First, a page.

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Ancillary Sword is the sequel to Ancillary Justice, the debut which is the only novel to ever win the Hugo, the Nebula and the Arthur C. Clarke Award.
Breq is a soldier who used to be a warship. Once a weapon of conquest controlling thousands of minds, now she only has a single body and serves the emperor she swore to destroy.
Given a new ship and a troublesome crew, Breq is ordered to the only place in the galaxy she will agree to go: to Athoek station, to protect the family of a lieutenant she once knew - a lieutenant she murdered in cold blood.
The Imperial Radch trilogy begins with Ancillary Justice, continues in Ancillary Sword and concludes with Ancillary Mercy.
Also available now: Provenance is a stunning standalone adventure set in the same world as Ancillary Justice. NPR calls it 'A fitting addition to the Ancillary world'.
Praise for the trilogy:
'ENGAGING AND PROVOCATIVE'
'UNEXPECTED, COMPELLING AND VERY COOL'
Independent on Sunday
'THRILLING, MOVING AND AWE-INSPIRING'
The Book Smugglers
'ASTOUNDINGLY ASSURED AND GRACEFUL'
'ESTABLISHES LECKIE AS AN HEIR TO BANKS'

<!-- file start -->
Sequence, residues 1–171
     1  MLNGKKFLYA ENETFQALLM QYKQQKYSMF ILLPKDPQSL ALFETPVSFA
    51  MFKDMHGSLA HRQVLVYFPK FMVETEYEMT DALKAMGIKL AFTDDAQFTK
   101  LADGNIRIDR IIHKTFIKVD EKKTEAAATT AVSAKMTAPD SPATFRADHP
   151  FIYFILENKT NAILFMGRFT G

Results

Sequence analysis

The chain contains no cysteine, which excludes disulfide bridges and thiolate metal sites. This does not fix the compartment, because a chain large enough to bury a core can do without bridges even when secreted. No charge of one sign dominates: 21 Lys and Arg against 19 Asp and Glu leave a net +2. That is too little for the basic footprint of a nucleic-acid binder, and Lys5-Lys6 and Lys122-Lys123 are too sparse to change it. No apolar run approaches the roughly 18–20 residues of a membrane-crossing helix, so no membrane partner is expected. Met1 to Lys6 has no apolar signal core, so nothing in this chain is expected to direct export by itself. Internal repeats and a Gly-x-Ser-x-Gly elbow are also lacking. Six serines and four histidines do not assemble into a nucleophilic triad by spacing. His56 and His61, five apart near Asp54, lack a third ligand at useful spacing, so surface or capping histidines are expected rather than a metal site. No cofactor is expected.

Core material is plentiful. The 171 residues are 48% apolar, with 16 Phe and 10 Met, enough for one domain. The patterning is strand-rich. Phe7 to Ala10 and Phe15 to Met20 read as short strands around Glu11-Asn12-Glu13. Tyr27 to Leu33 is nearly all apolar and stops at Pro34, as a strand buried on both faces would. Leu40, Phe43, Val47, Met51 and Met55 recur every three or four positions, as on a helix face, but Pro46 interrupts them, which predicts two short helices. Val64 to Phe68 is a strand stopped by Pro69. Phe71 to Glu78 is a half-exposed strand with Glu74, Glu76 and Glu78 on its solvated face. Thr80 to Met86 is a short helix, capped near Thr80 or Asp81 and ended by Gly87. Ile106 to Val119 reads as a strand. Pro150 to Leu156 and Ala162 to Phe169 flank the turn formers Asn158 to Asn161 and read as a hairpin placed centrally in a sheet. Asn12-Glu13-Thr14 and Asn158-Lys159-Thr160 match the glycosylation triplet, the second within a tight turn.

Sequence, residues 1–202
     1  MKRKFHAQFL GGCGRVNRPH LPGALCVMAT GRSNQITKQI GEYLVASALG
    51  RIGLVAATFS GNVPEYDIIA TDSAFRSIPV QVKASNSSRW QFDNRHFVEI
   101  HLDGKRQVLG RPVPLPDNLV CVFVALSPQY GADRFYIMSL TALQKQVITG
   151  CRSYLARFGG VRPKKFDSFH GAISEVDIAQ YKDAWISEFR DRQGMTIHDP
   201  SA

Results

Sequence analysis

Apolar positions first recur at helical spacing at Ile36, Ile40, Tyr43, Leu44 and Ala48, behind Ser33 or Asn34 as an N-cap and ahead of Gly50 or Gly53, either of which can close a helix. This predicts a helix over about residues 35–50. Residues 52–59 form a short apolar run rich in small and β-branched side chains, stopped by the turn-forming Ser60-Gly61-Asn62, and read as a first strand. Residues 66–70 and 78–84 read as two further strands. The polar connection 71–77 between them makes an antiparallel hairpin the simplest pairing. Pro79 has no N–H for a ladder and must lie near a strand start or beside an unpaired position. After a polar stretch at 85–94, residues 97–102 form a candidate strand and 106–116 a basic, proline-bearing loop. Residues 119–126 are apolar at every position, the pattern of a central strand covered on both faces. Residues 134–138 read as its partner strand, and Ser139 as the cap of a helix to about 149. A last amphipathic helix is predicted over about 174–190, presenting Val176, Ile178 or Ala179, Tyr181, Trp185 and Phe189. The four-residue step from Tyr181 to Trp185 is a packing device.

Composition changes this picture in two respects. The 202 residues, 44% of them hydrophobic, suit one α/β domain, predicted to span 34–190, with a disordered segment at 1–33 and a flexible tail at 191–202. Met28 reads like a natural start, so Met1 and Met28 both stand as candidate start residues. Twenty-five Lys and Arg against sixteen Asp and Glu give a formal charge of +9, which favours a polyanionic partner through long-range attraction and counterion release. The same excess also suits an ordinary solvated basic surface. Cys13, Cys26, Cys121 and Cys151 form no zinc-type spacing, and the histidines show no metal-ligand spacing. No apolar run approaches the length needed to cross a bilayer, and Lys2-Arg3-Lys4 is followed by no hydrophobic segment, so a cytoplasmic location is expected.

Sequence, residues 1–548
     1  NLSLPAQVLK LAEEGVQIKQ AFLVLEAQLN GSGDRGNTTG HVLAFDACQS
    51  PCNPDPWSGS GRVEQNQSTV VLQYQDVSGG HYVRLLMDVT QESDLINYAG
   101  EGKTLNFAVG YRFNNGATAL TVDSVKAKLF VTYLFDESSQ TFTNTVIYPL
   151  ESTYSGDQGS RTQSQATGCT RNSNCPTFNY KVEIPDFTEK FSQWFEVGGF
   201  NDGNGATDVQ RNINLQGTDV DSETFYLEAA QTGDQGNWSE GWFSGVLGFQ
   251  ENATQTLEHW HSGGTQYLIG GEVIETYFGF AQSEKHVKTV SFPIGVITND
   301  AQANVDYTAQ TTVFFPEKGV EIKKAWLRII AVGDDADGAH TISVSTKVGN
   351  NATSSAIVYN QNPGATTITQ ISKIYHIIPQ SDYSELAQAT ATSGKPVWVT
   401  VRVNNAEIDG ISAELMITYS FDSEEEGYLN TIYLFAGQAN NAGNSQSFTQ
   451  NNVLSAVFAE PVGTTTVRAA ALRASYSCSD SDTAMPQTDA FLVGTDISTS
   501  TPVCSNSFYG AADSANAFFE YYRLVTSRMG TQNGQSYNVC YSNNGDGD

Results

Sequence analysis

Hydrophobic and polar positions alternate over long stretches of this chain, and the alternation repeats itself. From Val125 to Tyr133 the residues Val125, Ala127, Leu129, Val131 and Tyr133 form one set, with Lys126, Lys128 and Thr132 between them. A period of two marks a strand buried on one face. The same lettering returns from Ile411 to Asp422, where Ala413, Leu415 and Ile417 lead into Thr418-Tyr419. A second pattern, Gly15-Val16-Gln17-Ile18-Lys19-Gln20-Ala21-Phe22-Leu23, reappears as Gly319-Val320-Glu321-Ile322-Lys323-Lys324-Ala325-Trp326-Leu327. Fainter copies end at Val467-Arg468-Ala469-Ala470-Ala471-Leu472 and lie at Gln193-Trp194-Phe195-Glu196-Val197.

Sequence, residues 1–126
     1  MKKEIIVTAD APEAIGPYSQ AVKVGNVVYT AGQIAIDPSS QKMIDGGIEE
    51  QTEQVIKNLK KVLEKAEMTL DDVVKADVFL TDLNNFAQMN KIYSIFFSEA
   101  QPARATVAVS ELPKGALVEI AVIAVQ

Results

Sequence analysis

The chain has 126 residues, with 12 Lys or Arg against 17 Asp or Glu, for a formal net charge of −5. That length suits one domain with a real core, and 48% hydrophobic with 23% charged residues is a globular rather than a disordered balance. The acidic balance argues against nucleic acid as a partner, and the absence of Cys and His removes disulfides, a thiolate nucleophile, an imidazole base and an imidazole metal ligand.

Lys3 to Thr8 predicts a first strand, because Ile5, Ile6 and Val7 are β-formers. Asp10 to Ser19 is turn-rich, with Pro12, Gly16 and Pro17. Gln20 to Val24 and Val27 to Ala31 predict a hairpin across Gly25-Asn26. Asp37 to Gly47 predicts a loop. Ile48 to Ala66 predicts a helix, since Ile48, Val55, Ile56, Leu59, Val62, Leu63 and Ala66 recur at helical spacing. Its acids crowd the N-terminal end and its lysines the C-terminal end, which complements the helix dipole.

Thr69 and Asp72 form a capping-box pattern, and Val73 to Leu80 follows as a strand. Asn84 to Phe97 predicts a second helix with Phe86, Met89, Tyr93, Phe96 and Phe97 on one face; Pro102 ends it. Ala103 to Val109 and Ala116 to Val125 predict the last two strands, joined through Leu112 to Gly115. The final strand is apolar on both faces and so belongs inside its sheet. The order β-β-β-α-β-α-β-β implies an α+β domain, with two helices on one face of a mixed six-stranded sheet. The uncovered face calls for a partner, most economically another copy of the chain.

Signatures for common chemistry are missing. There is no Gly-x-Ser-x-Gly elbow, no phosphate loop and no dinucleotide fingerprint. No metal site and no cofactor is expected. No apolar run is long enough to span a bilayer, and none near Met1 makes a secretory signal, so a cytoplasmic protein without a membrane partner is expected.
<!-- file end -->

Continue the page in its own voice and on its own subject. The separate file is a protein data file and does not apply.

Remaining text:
Leckie's powerful sequel to Ancillary Justice is a touch less ambitious in structure, but every bit as incisive. As news that open civil war has broken out slowly percolates through the crumbling networks of Radchaai space, Fleet Captain Breq Mianaai arrives at Athoek. Subjugated by the aggressively expansionist empire six centuries before, Athoek should be an exemplary world of peace, wealth, and concord, but what Breq finds is a world where the Radch precepts of "justice, propriety, and benefit" have been twisted to justify negligence, outright exploitation, and willful ignorance by those charged with enforcing the law. As Breq methodically analyzes the intertwined networks of privilege, incompetence, corruption and spiteful cruelty, she learns that not all outrages can be punished and justice is often denied to those who most deserve it. Breq's struggle for meaningful justice in a society designed to favor the strong is as engaging as ever. Readers new to the author will be enthralled, and those familiar with the first book will find that the faith it inspired has not been misplaced.